“Another example of prejudice involves a seven-year-old child who had hydrocephalus, a deformity of the head, as well as deformed legs and a stunted growth. The young boy came from a poor family, and is one among three siblings. His mother told me that she had never gone to the hospital, because she simply could not afford it. However, as we talked, I realised there was more to the story. The mother had taken the boy to a traditional healer, who claimed her child was a sorcerer. Because of the healer’s remarks that ‘this child is not good’, the child was put in a corner, away from the others. There was a mat in this corner — where the child slept. I asked the mother why the boy was isolated. She told me that the healer said he might infect her other children.”

“The difficulty with this kind of situation is we can be tempted to lecture and judge. Instead, I usually just prolong the visit, and start to talk about other things — which can be a way to help a family see things differently. Often, there are a lot of factors that come into play and shape people’s actions. Not only do we have cultural prejudice, but there is also the force of peer pressure. The whole community can put very strong pressure on a family when one person after another accuses a child.”

“In this situation, change is not easy. I think that there is also a kind of institutional deficit. One individual can’t overcome a cultural stigma alone. You can visit regularly and give some advice, but where else can people find support? So often, a situation is stuck.”

Approaches to cultivate: Listening, Valuing, and Respecting People

“I have found that a few approaches help me better understand situations: being there, listening, valuing people’s capabilities, and respecting their opinions.”

“Very poor people have a lot to tell us. However, others rarely listen to them. Yet, I enjoy listening. In fact, when I visit these individuals, our conversations seem to be never-ending.”

“I try to show them that above all, another life is possible. I try to help them see that they are not under a curse. This is a very difficult conversation to have, especially given that many of the families don’t even have enough to eat. If I say that life could be different, they ask: ‘But how?’ The risk could be for me to just say, ‘Here’s a little cash’ — but then, what?”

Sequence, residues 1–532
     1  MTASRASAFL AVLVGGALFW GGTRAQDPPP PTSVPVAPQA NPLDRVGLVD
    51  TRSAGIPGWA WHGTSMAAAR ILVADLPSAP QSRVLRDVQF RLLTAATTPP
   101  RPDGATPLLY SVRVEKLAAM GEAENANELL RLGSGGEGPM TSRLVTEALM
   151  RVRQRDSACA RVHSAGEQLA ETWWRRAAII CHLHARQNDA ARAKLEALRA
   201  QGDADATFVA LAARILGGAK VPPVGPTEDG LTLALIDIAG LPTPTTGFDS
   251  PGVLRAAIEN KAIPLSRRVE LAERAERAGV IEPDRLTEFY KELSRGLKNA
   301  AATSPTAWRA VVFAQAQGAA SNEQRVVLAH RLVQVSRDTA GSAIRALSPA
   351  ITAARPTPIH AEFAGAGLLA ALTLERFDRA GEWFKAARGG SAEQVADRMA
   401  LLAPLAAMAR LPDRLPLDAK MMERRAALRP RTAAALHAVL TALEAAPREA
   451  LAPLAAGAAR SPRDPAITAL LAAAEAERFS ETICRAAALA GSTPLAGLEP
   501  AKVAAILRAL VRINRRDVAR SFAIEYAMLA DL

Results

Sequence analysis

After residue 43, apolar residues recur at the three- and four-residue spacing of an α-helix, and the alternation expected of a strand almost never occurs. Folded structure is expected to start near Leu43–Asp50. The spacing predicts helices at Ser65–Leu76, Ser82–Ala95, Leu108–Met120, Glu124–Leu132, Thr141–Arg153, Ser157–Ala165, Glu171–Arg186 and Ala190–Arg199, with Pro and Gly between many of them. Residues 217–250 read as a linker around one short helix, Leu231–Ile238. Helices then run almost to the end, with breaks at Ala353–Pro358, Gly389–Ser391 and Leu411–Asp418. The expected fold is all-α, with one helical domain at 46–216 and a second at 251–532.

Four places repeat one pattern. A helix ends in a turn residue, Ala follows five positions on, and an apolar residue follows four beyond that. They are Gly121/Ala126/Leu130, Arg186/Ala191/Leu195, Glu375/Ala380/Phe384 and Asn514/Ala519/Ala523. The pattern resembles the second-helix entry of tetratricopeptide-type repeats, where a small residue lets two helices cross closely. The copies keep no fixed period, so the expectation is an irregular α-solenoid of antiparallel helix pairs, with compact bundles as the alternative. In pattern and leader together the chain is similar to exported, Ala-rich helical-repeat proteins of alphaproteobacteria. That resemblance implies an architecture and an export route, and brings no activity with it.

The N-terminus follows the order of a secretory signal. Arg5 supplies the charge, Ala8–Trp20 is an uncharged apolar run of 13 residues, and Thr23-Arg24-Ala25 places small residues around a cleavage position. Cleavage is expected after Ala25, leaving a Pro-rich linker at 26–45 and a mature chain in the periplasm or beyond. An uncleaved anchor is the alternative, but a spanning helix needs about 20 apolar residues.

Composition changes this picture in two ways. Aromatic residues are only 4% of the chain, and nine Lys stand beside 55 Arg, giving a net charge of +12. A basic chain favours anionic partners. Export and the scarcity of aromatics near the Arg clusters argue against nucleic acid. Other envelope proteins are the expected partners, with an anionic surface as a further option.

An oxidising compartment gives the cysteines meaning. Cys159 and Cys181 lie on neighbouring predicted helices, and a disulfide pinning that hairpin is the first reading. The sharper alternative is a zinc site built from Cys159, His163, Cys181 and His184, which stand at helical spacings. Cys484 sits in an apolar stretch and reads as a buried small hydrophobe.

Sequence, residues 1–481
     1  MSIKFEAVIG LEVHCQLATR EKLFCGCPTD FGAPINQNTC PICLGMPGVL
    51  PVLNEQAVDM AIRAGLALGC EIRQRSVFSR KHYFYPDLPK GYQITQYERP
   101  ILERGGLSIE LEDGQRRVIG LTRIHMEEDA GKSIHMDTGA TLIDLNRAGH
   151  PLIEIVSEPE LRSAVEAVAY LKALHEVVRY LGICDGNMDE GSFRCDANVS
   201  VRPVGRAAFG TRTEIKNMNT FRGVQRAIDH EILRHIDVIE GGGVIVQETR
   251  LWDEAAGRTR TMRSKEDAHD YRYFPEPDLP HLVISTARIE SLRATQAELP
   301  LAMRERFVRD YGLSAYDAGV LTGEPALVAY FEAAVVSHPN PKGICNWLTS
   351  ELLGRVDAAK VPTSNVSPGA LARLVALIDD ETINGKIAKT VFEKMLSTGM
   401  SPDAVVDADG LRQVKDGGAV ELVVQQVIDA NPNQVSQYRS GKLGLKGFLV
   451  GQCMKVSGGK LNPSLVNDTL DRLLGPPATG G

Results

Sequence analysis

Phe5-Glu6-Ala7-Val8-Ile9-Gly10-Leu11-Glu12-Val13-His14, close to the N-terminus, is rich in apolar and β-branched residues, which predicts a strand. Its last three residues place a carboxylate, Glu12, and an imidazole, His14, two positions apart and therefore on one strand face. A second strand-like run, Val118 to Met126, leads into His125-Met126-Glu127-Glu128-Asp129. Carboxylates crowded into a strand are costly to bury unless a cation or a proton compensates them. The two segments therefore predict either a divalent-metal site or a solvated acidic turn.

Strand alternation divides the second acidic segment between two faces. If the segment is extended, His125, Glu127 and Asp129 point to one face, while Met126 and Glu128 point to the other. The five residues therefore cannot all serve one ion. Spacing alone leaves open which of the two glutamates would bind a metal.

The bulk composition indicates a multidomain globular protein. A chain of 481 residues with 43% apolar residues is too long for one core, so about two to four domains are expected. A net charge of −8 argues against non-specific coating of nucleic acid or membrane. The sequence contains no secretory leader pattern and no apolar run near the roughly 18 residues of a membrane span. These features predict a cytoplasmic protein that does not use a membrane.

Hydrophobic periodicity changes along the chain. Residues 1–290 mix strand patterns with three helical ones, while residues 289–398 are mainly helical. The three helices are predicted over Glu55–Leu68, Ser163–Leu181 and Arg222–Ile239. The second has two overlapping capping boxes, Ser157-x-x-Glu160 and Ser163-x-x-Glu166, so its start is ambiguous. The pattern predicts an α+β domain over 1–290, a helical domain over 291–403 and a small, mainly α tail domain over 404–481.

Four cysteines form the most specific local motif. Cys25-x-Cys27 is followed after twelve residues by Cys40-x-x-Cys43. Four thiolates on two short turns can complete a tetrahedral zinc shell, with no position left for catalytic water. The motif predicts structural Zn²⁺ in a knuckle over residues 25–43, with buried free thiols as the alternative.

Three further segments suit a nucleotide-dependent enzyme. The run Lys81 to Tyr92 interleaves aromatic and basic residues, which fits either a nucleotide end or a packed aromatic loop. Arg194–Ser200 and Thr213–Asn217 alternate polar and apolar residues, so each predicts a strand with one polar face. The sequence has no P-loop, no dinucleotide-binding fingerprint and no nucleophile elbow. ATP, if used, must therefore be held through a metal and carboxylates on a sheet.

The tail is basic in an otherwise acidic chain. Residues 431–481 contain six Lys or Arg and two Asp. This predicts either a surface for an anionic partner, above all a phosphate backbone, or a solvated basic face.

“Instead, when faced with this question, I often lead them through a small exercise of introspection. Although introspection is difficult, it helps an individual realize their value and potential. No matter their background, everyone has capacities, aptitudes, and qualities. I start off by saying, ‘Listen, you have potential, you can pull yourself out of this difficult situation. Poverty is not a curse; it is only about living conditions. It can happen to anyone. Someone who was rich yesterday could today be poor. And you have the capacity to change your situation.’ I then say, ‘Tell me, you have positive qualities, right?’ They respond, ‘Yes.’ Then I ask them to list ten of these positive qualities. That’s a challenge because often they’ll respond, ‘No one should list their own positive qualities, that’s for others to say…’ But I insist, ‘No, you can tell me. Just look at what you’re capable of doing.’ It’s only then that the person will begin to say, ‘Well, I think I can do this, I think I can do that….’ I listen carefully and focus on one of those qualities that emerge. Seeing one’s own positive qualities is a powerful tool. A positive self-image gives us the strength to challenge ourselves and to change our perspective of ourselves.”

Everyone wants and is entitled to respect and solidarity. The poorest people among us want respect — not judgement or lectures. If we can help them gain self-confidence, then I believe that the path to respect and dignity for all will appear. And in the process, we can set an example of challenging prejudice through actions, not words.”